Trade can
transform

 
Yoweri Kaguta Museveni
says that fair trade is essential for sustainable development and environmental protection

In the Biblical story, there was a place called Babel, whose people were quite advanced in knowledge and in science. They therefore decided to challenge God. ‘We shall build a tower which will be so tall that we shall go and visit God through it.’ They started building, but when they had gone many stories up, the tower collapsed.

Now new people are trying to build a new ‘Tower of Babel’ – a false edifice. Nature has engineered our globe quite well: the mountains, the rivers, lakes, wetlands, etc. If we use them well, they can sustain us for a long time; but if we try to change them without serious thought about the likely effects, to ourselves, our neighbours and the universe, the results may be catastrophic.

The population of Africa has increased from 118 million at the beginning of the last century to 778 million, putting increased pressure on natural resources. We are bound to have a very big crisis if we do not wake up. As a consequence of the population expansion, about 500 million hectares of land – 60 per cent of it arable – have been affected by some degree of soil degradation.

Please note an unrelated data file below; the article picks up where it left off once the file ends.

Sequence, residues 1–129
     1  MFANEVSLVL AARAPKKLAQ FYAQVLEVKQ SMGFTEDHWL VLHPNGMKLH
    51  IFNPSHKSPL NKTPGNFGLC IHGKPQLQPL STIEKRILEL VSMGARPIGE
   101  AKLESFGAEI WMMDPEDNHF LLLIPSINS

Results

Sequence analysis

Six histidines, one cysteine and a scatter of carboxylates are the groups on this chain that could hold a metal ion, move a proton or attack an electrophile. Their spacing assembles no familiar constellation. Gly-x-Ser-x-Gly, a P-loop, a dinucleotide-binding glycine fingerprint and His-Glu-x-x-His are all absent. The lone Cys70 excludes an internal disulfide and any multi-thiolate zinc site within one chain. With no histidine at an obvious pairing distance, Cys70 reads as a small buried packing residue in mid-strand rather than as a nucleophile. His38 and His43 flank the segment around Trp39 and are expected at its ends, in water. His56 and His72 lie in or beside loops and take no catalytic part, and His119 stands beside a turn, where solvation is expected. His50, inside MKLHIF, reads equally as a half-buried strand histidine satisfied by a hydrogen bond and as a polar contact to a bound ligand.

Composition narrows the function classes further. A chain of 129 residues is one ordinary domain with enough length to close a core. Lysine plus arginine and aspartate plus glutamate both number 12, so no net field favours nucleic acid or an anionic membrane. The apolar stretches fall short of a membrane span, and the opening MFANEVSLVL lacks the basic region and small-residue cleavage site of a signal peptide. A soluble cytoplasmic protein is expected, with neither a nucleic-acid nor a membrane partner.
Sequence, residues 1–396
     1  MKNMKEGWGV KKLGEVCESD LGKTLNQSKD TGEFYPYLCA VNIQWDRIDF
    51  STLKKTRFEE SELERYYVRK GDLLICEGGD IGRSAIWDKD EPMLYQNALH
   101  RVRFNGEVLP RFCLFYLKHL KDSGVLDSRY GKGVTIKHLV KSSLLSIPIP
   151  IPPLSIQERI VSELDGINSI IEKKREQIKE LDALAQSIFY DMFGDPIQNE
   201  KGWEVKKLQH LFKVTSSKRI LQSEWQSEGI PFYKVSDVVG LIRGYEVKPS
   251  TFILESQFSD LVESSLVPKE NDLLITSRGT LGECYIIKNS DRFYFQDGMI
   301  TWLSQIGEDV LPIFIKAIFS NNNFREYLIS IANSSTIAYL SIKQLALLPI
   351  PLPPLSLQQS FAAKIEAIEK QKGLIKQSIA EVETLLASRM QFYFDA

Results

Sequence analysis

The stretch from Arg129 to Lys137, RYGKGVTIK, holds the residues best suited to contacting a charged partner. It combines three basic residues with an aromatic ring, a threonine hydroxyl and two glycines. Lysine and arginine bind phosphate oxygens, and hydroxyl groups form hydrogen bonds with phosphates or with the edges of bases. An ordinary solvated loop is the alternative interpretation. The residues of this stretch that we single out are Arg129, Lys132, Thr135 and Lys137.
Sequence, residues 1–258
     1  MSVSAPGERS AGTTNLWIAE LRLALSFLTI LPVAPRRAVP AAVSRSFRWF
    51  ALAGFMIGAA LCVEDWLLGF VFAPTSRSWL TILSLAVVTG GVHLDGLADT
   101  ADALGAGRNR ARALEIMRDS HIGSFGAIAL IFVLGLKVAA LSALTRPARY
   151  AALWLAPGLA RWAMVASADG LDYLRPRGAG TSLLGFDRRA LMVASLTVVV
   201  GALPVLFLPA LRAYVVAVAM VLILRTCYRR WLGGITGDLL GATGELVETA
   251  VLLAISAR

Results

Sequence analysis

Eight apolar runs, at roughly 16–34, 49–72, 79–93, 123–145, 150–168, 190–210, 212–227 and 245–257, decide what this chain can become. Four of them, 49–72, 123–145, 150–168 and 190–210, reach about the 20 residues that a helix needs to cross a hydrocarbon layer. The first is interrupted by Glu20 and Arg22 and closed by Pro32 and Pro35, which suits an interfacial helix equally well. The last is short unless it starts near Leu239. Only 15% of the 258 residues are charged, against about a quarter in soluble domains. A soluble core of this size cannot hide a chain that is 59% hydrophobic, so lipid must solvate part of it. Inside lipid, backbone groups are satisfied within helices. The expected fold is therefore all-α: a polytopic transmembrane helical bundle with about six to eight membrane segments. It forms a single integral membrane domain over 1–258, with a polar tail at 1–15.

Our water resources are suffering from pollution; for instance the aquatic animals in Lake Victoria are being starved of oxygen by algae which thrive on the nutrients from the soil washed into the lake.

The African continent lacks safe water. Uganda, however, is making some progress in delivering it to our people: about 54 per cent of them now have access to it.

An unsustainable lifestyle
Africa – and perhaps the entire developing world – is now undergoing a new form of aggression. Our partners in the developed world have a lifestyle which is simply not sustainable. A lifestyle which generates pollutants and greenhouse gases which threaten to change the nature of our atmosphere and the entire planet is not sustainable. A hole has developed in the ozone layer over the Antarctic, created by some of those greenhouse gases, of which 96 per cent were produced by developed countries.

This is not acceptable in this era of a global village. This form of aggression must stop, especially if we are people who believe in God: loving your neighbour as you love yourself. This is partly what was addressed at the Johannesburg World Summit on Sustainable Development.

How do we solve these problems? We cannot go on commiserating – we must find a solution. Solutions are available; the problem is divergent points of view, which are normally due to divergent, selfish interests. If somebody is pursuing a selfish interest, he will not easily evolve a convergent point of view with others. In order to find solutions we must harmonize our thinking.